Combustion of alternative vehicle fuels in internal combustion engines: a report on engine performance from combustion of alternative fuels based on literature review

Alternative fuels can reduce green-house-gas emissions from the transport sector. This report shows that several of the alternative fuels, such as methanol, ethanol, higher alcohols, RME, HVO, DME, biogas/CNG, work well in several different engine concepts. Energy consumption is in most cases similar to that of diesel or gasoline with the exception of methanol and ethanol that offer reductions, especially in SI-engines. Alternative fuels are considered safe and in most cases associated with strong risk reduction with respect to cancer, other health aspects and environmental issues, something that is rarely acknowledged. Apart from differences in handling, whether the fuel is gaseous or liquid, emissions of soot, NOx, HC and CO vary between the fuels, although the levels typically are lower than for gasoline or diesel. The comparably small differences during engine operation indicate that production and distribution will have higher significance when it comes to the environmental performance and operating costs of the different alternative fuels. Methanol has in other reports been suggested as a promising candidate since it can be produced effectively and affordably from biomass and as an electrofuel. This report concludes that methanol works well as an engine fuel, with low energy consumption, low emissions and low environmental and health impact. Methanol is, however, not unproblematic. It requires special attention to prevent corrosion and needs to be denatured. RME and ethanol are already established and work well in engines. So do biogas/CNG and RME. Just as diesel and gasoline co-exist, there is good reason to use several alternative fuels in parallel. For example, increased amounts of RME in diesel and ethanol + methanol in gasoline (to fit the E85 system) are relevant steps forward that essentially rely on current engine technology. New combustion engine concepts can be co-developed with new fuels and lead to further reductions in energy consumption. Increased hybridization and integration with the electricity grid provide better energy utilization as well as a potential for further reduction of fuel consumption from new engine operation strategies. This enables realistic opportunities for sustainable alternative fuel production as well as energy secure and environmentally sustainable transportation.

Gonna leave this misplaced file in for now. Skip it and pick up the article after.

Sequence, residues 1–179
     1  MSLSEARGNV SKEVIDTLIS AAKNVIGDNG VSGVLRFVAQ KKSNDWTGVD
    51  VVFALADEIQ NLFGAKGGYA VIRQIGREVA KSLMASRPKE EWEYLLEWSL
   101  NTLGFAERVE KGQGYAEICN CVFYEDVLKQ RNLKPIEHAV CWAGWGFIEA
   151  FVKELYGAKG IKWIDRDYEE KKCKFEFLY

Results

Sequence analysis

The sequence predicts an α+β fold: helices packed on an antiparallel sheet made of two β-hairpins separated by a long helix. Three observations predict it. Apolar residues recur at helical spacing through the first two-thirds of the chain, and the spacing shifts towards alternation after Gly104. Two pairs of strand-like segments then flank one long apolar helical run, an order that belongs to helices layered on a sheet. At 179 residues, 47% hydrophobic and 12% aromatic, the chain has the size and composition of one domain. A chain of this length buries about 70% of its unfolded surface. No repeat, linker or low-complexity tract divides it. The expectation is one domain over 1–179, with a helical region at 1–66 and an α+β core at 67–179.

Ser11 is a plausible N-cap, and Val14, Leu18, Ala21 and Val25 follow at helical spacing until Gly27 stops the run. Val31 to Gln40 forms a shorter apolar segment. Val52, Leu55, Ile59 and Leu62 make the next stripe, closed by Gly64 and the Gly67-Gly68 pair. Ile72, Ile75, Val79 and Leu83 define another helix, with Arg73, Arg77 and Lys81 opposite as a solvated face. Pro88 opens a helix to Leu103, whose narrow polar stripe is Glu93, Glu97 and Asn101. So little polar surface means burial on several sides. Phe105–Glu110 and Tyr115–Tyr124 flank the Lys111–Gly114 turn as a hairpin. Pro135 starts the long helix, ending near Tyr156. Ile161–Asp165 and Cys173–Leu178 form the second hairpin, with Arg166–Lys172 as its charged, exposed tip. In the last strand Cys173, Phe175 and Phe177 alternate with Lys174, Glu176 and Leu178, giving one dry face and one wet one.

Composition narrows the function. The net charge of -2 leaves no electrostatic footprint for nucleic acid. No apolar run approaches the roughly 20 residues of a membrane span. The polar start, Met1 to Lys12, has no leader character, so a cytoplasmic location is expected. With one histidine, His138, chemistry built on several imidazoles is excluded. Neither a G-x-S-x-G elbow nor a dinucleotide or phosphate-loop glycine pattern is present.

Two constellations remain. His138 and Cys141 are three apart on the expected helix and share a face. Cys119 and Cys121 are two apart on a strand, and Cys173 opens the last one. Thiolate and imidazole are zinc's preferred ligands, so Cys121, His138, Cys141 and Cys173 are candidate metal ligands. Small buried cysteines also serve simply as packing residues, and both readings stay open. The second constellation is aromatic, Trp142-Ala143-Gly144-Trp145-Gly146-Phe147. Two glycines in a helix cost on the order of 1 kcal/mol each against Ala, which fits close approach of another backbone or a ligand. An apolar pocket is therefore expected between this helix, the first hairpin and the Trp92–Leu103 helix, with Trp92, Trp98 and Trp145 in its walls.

Language

  • English

Media Info

  • Pagination: 40

Subject/Index Terms

Filing Info

  • Accession Number: 01664500
  • Record Type: Publication
  • Source Agency: Swedish National Road and Transport Research Institute (VTI)
  • Files: ITRD, VTI
  • Created Date: Mar 28 2018 10:27AM